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I am working on an app that has to transfer sensitive data over HTTPS and I have an idea but I am wondering if it is overkill or good.

One of the issues is I need the ability to "share data" between users, so I created the idea of a group.

Each user has a secret key which is stored in their browser (if they want or they can type it out everytime they want to get the data). Each users secret key is immediately encrypted upon entering it using the "code" from the server.

Each user has a "code" which is stored on the server. This is generated on registration. This is used to encrypt the secret key stored in the browser.

Each user can be part of a group, each group has a 256 bit key which is generated on created. All of the groups sensitive data are not encrypted with the users secret key, but the groups key. The each group member has the same key that’s encrypted with that users secret key. So to request group data it sends the users encrypted key to the server, the server sends back the encrypted data (encrypted with the group key AND the encrypted group key) the browser then decrypts the content by using the secret word in the browser to decrypt the group key and then uses the group key to decrypt the data.

Reasoning for all of this.

  1. I want to make sure if the "evil person" has 2 pieces of the puzzle they are still not able to access the data. Say the "evil person" steals the users laptop which has the secret word, and possible data sent. I want to make sure they would still need to login in order to decrypt the data (to get the code which is used to decrypt the secret word). (Maybe this is excessive?)

  2. The rest is just standard encryption stuff. With the addition of the ability to share encrypted stuff among multiple users.

Thoughts?

  • Have you looked at existing secure message protocols? Always better to use an existing (ie: tested) system over home grown – Neil Smithline Jun 24 '16 at 4:36
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Ever heard of RSA? Much more safe and much more simple. Every client generates an private key and sends its public key to the server. The client that starts a group generates an AES key for encrypting group files and decrypts the key with each public key of the other members. Than it sends the encrypted keys to the other members. They use their private key to open the group key. Now they all now the group secret and can exchange data secretly. 100% secure and simpler as it sounds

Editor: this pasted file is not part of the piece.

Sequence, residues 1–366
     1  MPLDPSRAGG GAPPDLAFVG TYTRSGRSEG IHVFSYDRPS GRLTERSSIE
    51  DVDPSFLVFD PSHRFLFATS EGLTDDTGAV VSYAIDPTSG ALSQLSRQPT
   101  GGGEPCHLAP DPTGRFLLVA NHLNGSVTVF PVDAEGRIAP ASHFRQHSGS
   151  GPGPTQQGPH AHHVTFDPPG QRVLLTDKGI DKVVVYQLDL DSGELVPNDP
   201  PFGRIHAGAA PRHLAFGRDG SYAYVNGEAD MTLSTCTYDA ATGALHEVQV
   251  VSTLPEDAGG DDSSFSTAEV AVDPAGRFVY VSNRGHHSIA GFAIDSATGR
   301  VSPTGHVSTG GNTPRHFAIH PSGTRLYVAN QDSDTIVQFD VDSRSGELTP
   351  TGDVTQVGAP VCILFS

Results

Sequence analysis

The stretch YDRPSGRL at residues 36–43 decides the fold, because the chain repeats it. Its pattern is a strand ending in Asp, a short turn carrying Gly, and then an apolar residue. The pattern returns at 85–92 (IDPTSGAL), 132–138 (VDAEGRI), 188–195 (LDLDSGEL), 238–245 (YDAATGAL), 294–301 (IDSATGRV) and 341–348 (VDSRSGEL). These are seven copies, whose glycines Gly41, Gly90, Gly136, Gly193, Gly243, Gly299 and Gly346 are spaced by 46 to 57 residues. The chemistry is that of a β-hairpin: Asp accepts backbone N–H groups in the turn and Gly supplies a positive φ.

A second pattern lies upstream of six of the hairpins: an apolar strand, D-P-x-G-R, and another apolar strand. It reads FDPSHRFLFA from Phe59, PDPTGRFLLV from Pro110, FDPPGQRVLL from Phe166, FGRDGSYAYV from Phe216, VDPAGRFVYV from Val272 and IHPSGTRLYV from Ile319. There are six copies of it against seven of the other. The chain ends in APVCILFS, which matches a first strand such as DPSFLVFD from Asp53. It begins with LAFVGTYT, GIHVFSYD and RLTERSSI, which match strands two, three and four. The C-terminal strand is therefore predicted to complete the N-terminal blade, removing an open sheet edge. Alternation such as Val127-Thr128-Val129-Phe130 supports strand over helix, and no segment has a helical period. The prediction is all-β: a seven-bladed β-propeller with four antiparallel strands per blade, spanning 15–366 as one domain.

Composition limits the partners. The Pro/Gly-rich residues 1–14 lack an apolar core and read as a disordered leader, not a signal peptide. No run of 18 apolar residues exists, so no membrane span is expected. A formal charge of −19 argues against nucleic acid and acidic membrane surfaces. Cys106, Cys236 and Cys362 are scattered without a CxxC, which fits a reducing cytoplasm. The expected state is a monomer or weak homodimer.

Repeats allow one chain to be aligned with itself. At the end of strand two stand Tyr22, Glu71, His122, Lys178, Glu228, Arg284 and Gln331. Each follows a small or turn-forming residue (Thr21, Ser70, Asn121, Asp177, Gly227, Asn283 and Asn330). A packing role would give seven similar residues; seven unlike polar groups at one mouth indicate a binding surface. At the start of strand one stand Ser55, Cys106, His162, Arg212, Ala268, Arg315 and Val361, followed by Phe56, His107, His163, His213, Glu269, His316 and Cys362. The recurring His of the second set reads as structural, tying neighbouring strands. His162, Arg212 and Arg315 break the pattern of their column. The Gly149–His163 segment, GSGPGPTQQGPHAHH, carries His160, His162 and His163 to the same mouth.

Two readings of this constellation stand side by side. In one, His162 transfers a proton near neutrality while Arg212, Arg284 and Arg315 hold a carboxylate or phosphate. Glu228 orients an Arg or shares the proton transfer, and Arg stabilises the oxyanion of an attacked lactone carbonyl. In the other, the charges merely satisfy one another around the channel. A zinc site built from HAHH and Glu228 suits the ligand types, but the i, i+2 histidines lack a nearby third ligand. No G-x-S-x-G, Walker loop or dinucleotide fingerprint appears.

• How would a user regenerate their private key, if say they went on a different computer? I can't store the private key on the server. I believe my method would be similar to how 1Password (support.1password.com/secure-by-design) and other work. – Steven Jun 23 '16 at 21:57
  • @Steven you could use a user inputted password to seed a random number generator used for the key creation. That could then be replicated – Neil Smithline Jun 24 '16 at 4:33
  • How do you send your group key to the users? Encrypted with the users key? Than your key needs to be shared with other persons. So you need to generate a key for every communication with the Diffie Hellmann Algorithm. So you must store a lot of credentials instead of one. In my Case you just need to store the users key (can be encrypted with users password and send to server) and the group keys. Thats much more simple – Jonas Wilms Jun 24 '16 at 10:43
  • @Jonasw thanks, I am looking into your method and trying to figure out the group part in terms of server & browser. So I have the user generating a RSA key pair in their browser and keeping the private key in the browser and then send the public key to the server. Now if they create a "group" it generates an AES key in the browser that is used to encrypt the data? I must be missing something from your post, cause the AES key would need to be shared to the members or something, but it needs to be encrypted when it's shared and allow for more members to be added? – Steven Jun 24 '16 at 14:27
  • Yes one user generates an AES key. To share it with the other members the user needs the public key of the others. In fact you could make this completely without the server excepting a public key - username database – Jonas Wilms Jun 24 '16 at 14:31

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